It is to be expected that many edited collections of essays will be somewhat disparate in content and approach whatever the overall framework. This volume, however, is even more disparate than most.
As the title of the book suggests, Geographies of Empire covers the period roughly from the beginning of the ‘scramble for Africa’ – following the British invasion of Egypt in 1882 – to the year by which many of the territories formerly acquired by European colonial powers had been lost or given up.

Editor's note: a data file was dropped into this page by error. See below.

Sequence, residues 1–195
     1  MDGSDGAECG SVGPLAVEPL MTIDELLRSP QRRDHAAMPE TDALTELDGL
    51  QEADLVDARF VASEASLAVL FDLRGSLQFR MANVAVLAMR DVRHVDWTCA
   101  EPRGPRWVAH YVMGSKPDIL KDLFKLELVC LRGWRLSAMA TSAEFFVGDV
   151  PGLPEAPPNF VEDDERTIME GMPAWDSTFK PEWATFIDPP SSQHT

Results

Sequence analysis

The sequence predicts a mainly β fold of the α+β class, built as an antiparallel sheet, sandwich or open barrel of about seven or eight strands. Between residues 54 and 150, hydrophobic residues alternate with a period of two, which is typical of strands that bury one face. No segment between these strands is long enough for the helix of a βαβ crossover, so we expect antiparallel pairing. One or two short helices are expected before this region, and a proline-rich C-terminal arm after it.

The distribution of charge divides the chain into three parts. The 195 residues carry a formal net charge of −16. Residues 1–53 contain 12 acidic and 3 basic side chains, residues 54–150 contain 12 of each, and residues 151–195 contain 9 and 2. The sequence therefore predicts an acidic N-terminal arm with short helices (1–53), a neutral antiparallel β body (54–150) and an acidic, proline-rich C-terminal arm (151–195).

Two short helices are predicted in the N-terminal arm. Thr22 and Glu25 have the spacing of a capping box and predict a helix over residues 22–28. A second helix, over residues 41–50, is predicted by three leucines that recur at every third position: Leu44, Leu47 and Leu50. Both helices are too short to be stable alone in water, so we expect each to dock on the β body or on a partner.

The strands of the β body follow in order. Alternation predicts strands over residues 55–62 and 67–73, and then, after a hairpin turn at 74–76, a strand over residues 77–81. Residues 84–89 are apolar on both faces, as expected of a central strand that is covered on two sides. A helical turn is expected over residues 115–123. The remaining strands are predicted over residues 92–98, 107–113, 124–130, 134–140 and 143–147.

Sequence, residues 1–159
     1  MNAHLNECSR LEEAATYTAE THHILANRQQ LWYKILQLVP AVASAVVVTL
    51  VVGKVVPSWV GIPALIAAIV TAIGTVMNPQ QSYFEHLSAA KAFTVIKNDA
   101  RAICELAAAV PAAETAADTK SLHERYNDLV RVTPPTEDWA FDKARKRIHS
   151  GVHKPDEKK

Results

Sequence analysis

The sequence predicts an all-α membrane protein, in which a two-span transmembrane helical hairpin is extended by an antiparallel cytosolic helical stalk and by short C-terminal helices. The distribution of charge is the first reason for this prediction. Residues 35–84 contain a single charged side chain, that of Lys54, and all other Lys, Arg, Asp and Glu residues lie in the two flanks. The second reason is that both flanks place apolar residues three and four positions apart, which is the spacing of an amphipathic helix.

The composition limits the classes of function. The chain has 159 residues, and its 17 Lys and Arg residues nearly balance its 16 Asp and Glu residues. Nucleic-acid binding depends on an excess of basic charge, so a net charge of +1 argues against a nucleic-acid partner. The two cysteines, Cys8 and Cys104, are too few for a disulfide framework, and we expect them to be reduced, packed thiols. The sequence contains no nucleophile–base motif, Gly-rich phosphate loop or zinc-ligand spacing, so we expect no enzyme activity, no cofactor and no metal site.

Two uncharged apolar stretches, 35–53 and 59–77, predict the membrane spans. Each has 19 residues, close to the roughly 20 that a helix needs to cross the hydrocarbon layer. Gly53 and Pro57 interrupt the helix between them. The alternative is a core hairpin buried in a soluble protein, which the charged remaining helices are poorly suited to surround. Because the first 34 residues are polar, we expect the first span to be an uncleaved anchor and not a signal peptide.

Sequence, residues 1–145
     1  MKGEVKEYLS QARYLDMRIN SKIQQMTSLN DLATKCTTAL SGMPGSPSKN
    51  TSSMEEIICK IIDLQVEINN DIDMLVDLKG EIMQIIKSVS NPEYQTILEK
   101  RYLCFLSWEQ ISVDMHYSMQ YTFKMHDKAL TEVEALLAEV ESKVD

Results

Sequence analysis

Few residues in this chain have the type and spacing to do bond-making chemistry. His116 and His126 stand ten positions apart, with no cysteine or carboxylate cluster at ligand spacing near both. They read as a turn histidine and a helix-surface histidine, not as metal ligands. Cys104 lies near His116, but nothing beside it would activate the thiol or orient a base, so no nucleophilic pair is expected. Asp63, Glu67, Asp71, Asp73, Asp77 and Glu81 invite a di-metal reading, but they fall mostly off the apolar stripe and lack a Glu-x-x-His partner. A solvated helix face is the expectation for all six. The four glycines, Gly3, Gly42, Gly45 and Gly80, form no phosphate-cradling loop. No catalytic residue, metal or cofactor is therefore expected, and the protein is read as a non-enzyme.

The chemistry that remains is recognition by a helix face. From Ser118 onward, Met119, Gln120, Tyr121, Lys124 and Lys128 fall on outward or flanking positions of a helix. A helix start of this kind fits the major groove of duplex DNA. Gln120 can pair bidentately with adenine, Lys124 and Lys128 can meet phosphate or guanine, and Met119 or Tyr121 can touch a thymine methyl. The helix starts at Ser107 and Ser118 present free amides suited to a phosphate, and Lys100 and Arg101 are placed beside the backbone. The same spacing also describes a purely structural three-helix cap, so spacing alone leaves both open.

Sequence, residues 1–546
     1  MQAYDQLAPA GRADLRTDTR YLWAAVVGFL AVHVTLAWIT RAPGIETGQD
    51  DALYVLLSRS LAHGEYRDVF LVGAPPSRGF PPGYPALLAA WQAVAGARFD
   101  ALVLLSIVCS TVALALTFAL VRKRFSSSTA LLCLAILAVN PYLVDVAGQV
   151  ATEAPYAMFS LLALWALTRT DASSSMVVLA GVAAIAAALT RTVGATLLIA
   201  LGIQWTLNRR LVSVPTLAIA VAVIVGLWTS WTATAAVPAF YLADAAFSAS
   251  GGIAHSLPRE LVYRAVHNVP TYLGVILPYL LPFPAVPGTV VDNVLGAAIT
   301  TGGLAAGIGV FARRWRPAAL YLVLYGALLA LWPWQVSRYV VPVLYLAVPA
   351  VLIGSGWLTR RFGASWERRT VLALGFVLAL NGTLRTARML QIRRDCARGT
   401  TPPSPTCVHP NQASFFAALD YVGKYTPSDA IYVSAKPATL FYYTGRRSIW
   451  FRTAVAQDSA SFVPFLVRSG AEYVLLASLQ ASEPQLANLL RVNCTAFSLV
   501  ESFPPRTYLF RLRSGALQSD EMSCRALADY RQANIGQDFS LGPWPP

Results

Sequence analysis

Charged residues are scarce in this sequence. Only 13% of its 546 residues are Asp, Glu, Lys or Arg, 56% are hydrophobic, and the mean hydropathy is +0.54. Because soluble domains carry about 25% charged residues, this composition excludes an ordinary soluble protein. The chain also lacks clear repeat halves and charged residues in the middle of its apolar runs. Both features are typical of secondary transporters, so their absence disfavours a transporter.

How do we conceptualise the African diaspora? The forced migration through the slave trade and its impact on the cultures of origin that slaves brought with them to the Americas has constituted an important area of academic research since the pioneering work of Melville Herskovits and Roger Bastide.
The New Imperial Histories Reader is part of a series of history readers aimed at the undergraduate/ postgraduate market that have been published by Routledge over the past decade.
One might be forgiven for thinking that British defence policy between the Napoleonic era and the outbreak of the First World War was always geared towards a large, continental commitment.